Chocolate Cherry Meringue Stack Cake

Passover Desserts That Go Beyond The Seder Table

Folks, I love being a guest at a Seder table. I just love it! It’s such an honor and a privilege! The traditions, the togetherness, the history…the food! The food can be absolutely stunning. And I love when I am given the chance to bring a dessert. Nothing gets my creative juices flowing like a) cooking for a group and b) having a list of creative constraints. In this case the constraints are cooking without flour and traditional leavening agents.

People tend to rely pretty heavily on these two ingredients for delicious-dessert making, but there are so many scrumptious options out there for those preparing food for Passover, and in this post I offer you nine of my favorites.

Now just a note on these recipes, several of them use butter or cream, which is fine in terms of Passover constraints but may not be kosher if it’s served with a meal that includes meat. In general, you can use kosher pareve margarine instead of butter and almond milk instead of cow milk.




Chocolate cherry merengue stack cake:

This is one of those wonderful recipes that looks so much more complicated than it is. It’s basically just sheets of merengue topped with ganache and cherries… easy peasy, right? Well, just looking at it kind of makes me blush. (Spotted on Top With Cinnamon.)


ganache filld

Ganache-filled pecan cookies:

Yum! Apparently this would work with peanut butter, too, if you don’t consider legumes off-limits for Passover, but pecan butter is best because it spreads nice and thin and gets that delightful crispy texture that pares so well with the ganache. (Spotted on Couldn’t Be Parve.)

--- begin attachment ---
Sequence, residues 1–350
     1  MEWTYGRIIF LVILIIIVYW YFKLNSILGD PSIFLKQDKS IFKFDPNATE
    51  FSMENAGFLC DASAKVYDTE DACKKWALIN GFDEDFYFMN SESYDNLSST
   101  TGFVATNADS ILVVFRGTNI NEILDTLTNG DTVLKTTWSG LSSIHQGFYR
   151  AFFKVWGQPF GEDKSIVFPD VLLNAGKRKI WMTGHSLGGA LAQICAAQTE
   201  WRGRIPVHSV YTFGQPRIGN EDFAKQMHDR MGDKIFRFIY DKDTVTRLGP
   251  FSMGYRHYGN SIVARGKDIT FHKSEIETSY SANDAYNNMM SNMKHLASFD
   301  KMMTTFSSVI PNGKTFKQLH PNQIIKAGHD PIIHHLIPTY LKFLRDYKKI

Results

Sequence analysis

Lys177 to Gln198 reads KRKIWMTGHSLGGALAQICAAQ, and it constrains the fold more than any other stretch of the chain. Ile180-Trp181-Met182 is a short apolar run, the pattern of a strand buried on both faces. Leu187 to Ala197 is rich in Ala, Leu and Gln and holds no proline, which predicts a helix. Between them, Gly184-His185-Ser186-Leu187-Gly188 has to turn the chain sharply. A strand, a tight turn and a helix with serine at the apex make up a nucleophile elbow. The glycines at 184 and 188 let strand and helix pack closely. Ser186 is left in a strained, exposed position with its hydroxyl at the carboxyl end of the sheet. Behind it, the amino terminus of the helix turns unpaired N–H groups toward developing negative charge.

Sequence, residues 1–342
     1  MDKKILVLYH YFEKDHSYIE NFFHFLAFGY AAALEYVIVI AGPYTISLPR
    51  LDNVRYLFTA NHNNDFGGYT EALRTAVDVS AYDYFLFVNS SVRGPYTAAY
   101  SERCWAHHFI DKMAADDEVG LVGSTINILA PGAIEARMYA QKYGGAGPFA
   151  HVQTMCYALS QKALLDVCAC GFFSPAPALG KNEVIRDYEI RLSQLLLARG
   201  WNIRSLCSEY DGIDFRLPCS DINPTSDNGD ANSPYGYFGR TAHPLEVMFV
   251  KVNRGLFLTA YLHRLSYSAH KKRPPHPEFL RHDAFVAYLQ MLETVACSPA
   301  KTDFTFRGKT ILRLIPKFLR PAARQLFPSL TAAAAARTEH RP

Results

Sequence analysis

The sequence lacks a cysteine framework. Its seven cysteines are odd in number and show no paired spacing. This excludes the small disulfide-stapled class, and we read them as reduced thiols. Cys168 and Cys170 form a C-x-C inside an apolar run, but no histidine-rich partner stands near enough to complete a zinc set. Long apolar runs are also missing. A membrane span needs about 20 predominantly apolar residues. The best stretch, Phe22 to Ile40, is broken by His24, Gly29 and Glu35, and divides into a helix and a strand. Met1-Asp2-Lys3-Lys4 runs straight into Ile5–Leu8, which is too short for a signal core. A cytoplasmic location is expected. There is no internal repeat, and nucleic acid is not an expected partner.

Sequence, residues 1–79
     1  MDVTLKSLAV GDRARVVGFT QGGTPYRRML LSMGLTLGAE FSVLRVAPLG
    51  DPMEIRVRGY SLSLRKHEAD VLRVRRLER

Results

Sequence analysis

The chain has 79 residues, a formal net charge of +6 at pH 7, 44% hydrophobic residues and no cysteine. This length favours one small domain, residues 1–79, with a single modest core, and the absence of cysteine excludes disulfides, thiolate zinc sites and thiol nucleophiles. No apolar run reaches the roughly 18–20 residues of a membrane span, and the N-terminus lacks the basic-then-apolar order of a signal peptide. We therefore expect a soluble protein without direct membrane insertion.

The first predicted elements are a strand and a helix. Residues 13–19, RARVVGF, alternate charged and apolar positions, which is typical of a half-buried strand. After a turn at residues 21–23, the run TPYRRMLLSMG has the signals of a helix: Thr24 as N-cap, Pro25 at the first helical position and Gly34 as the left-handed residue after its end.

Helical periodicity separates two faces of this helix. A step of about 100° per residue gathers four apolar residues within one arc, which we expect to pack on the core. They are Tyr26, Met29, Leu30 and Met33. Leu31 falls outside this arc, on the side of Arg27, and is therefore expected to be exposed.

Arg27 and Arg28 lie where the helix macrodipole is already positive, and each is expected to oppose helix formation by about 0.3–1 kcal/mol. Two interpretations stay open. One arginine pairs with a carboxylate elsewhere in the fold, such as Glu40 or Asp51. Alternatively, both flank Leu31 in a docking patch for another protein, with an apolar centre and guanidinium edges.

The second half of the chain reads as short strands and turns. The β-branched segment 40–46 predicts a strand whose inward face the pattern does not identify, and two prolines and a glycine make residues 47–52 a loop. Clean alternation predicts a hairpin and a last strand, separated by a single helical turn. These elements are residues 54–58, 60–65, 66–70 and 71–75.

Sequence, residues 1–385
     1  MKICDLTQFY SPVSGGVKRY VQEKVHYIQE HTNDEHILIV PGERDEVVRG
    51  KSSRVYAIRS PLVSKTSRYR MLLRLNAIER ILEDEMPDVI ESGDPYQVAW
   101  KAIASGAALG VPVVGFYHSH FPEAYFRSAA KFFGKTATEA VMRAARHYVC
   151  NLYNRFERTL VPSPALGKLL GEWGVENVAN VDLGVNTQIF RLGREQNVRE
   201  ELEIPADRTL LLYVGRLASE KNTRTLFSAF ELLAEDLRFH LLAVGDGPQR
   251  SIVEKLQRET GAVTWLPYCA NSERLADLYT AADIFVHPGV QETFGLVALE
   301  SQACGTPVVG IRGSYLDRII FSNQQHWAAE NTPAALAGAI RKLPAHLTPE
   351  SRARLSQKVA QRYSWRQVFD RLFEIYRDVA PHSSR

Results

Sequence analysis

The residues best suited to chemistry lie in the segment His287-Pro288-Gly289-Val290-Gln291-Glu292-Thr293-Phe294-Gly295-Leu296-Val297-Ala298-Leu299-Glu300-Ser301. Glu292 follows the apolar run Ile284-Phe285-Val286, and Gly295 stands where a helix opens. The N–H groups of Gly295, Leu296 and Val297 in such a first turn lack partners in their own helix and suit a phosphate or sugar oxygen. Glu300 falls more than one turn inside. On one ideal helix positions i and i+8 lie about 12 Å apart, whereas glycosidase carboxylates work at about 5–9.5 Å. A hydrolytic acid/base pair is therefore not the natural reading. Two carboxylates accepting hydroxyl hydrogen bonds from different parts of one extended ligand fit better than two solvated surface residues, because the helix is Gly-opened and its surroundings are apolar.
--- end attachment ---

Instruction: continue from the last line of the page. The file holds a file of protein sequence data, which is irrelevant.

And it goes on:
almond pear blueberry cake

Almond pear blueberry cake:

This egg-heavy passover-friendly, delicious-looking dessert has an Asian influence! Namely a bit of ginger and all-spice. I am sold! (Spotted on Hungry Rabbit.)


pistachio cherry choc matzo

Pistachio cherry matzo toffee:

I’ll admit that I kind of love matzo just on it’s own. It’s flaky, crispy, and somehow still dough-y, but let’s up the ante here. Why not make a matzo bark? The sky’s the limit on how to embellish these sheets of delicious goodness, but I am so into this recipe from Babble: pistachios, cherries, chocolate and toffee? I mean, it’s like everything delectable and indulgent in one serving! (Spotted on Babble.)



Flourless chocolate lavender cupcakes:

Let’s think outside the box, here… the flower box, that is! Not only are these little cupcakes delicious, passover-friendly, and unique… they’re just gorgeous! (Spotted on Wall Flower Girl.)


fallen chocolate cake

Fallen chocolate cake:

More like ‘fallin-in-love chocolate cake! How scrumptious does this look? It’s actually a riff on celebrated cookbook author Richard Sax’s famous chocolate cloud cake recipe, and I am so ready to give it a shot. (Spotted on Bon Appetit.)


passover baklava cake

Passover baklava cake:

If you have time to soak your dessert over-night, then this succulent bad boy might be for you. It’s a rich, nutty confection soaked in honey-citrus syrup, giving it that delicious middle-Eastern flair. Yes, please! (Spotted on My Recipes.)


choc hazelnut truffles

Hazelnut truffles:

What a classic. No embellishment needed here, this is just simple hazelnut chocolate ganache rolled up in a perfect little parcel of deliciousness. (Spotted on Smitten Kitchen)


passover apple cake

Passover apple cake:

This is a wonderfully versatile recipe from Arthur Schwartz. You can basically substitute any of your favorite cake spices and turn this into your signature apple cake. (Spotted on Martha Stewart.)



Blackberry blintzes:

You can’t go wrong with this classic. I love that so many cultures celebrate some sort of version of a pancake. No matter where you’re from or what your history is, chances are, you love a bit of fried dough. (Spotted on A Beautiful Bite.)